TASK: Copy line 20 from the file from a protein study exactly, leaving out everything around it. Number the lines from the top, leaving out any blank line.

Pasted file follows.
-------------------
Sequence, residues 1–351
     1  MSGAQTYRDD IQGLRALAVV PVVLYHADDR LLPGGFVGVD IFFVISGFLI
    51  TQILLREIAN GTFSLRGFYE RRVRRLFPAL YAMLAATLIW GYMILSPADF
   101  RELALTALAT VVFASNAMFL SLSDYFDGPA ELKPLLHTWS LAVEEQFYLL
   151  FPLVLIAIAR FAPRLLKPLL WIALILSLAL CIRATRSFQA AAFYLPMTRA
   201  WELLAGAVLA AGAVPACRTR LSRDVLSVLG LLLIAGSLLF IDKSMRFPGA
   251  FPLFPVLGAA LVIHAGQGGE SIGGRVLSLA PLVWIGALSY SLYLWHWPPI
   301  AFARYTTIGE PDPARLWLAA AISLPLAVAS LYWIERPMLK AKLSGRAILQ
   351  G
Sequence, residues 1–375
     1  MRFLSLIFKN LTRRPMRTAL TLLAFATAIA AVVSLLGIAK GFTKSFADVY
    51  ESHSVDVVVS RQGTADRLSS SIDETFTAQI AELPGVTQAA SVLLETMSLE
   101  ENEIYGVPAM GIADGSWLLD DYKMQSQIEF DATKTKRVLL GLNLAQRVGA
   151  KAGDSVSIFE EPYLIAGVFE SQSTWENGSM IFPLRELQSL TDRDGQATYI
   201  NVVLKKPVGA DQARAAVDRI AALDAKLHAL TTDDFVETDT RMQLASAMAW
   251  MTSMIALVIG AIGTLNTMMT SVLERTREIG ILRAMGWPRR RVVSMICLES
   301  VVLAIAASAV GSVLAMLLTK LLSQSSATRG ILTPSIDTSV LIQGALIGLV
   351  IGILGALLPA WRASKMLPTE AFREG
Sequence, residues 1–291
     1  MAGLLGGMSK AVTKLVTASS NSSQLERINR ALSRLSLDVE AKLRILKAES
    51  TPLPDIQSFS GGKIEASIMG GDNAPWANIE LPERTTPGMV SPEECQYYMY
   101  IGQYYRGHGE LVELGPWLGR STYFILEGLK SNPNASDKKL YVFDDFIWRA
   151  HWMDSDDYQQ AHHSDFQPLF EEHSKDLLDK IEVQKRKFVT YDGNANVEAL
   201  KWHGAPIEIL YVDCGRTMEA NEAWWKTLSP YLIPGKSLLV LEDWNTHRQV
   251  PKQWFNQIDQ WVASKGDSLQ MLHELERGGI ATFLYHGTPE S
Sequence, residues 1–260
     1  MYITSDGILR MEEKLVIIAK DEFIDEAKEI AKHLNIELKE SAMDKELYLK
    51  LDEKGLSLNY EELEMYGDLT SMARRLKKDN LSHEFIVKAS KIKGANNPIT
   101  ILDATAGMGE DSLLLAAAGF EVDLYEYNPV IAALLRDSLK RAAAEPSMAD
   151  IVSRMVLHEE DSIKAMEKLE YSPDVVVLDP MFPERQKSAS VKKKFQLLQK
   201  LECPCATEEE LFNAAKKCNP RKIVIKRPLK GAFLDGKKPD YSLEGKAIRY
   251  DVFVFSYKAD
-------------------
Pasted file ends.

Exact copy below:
     1  MAGLLGGMSK AVTKLVTASS NSSQLERINR ALSRLSLDVE AKLRILKAES